Mariah Choiniere of Franklin is among a select group of student leaders nationwide to become 2022 Truman Scholars.
Choiniere is one of 58 Truman Scholars selected from 705 candidates nominated by 275 colleges and universities. Truman Scholars demonstrate outstanding leadership potential, a commitment to a career in government or the nonprofit sector, and academic excellence. Each Truman Scholar receives funding for graduate studies, leadership training, career counseling, and special internship and fellowship opportunities within the federal government.
“Mariah’s many journeys—personal, educational, and professional—have helped shape her passion for sustainability and her commitment to forestry and agriculture” said Honors College Dean David Jenemann, who helped endorse Choiniere’s internal nomination with the UVM Harry S. Truman Scholarship Nomination Committee.
Choiniere ’23, a Forestry major in the Rubenstein School of Environment and Natural Resources, took an unconventional path to college—before transferring to UVM from Vermont Technical College. In fact, by the time Choiniere arrived at the University of Vermont in the fall of 2020, she already had seven years of work experience—including three years of hands-on knowledge in forest management and firefighting—and more than 1,500 hours of work through AmeriCorps/Conservation Corps.
“It is an enormous honor to be named a 2022 Truman Scholar,” Choiniere said. “This award will allow me to advance my studies, progress the field of temperate agroforestry, and support my goal to continue with the federal government.”
Choiniere added: “When I received a call from President Garimella notifying me of my selection, I was in total disbelief. It wouldn’t have been possible without the support from the UVM FOUR Office, mentors within the Forestry Department, friends, and family. I’m excited to meet the other scholars this summer during the Truman Scholars Leadership Week.”
At UVM, Choiniere’s impact is palpable:
- Helped build UVM’s chapter of the Society of American Foresters to 200 members; where she serves as treasurer, managing its finances, and organizing speakers and networking events. She has been elected to serve as president.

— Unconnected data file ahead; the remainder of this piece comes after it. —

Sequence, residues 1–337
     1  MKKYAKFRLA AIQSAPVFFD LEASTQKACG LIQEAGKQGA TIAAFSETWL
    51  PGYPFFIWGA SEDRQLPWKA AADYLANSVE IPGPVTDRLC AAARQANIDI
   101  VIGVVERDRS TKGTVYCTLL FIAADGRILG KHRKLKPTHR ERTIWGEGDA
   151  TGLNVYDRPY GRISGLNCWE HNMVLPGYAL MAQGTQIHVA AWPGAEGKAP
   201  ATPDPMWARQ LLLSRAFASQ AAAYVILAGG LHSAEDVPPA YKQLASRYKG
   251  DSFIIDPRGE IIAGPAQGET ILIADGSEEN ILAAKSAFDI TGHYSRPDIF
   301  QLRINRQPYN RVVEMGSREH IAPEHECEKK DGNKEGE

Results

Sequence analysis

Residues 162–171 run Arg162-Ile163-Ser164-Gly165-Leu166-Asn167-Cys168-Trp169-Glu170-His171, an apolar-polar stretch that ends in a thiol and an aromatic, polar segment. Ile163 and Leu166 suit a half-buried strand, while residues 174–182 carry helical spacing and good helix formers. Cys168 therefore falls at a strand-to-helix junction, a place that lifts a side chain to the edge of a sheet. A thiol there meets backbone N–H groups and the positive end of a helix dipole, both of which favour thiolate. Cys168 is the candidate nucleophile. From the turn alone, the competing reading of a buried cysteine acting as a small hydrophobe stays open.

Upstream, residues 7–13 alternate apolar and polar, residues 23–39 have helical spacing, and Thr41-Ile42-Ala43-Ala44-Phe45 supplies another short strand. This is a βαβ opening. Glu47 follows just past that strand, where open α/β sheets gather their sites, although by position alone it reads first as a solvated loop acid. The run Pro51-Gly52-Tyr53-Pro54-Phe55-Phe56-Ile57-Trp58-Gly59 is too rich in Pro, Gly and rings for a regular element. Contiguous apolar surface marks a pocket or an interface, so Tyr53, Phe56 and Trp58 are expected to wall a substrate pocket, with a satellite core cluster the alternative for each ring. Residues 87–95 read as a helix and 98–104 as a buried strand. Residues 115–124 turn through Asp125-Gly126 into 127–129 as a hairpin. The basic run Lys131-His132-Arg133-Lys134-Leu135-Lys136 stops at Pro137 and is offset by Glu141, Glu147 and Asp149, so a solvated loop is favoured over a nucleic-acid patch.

- Coordinated a USA Jobs workshop to help peers navigate a convoluted federal hiring system and gain meaningful employment.
- Became a member of Femmes in Forestry, which advocates for femme and non-binary individuals pursuing degrees and careers in natural resources management.
- Selected to serve on Rubenstein’s Student Advisory Board, working with the dean on curriculum, teaching, advising and social issues.
- Received a coveted position in the UVM-CREAM (Cooperative for Real Education in Agricultural Management) program, where she will help manage UVM farm operations and the campus cow herd.
- Became a Lake Champlain Sea Grant Scholar.
- Will be inducted this spring into Xi Sigma Pi’s UVM Alpha Omicron chapter, a forestry honor society.
And Choiniere’s impact is also felt beyond the UVM campus. Last summer, she worked as a Soil Conservationist Pathways intern with the U.S. Department of Agriculture’s Natural Resources Conservation Service in St. Albans.
“In this role, she brought all her past experiences, starting with her love of rural agriculture and marrying it to her understanding of forestry practices in order to help farmers and forest landowners to conserve valuable resources and create more effective, sustainable management operations,” Jenemann wrote in the UVM endorsement letter.
In graduate school, Choiniere intends to pursue Agroforestry—which, according to the USDA—is the intentional integration of trees and shrubs into crop and animal farming systems to create environmental, economic, and social benefits. Some of the practices include planting crops between rows of trees to provide income while the trees mature; growing food, herbal, botanical or decorative crops under a forest canopy; and combining trees with livestock and their forages on one piece of land.
“I believe that Agroforestry will be an important pathway in tackling the climate crisis, while also balancing food security in the face of a growing population,” said Choiniere.
“With her vast work experience, her strong academic record, and a wisdom about long journeys, Mariah is the kind of leader that rural America needs to help navigate changing landscapes of policy and practice,” Jenemann concluded.
Established by Congress in 1975 as the living memorial to President Harry S. Truman and presidential monument to public service, the Truman Scholarship carries the legacy of the country’s 33rd president by supporting and inspiring the next generation of public service leaders. When approached by a bipartisan group of admirers near the end of his life, President Truman embodied this commitment to the future of public service by asking Congress to create a living memorial devoted to this purpose, rather than a traditional brick-and-mortar monument. For 45 years, the Truman Foundation has fulfilled that mission: inspiring and supporting Americans from diverse backgrounds to serve.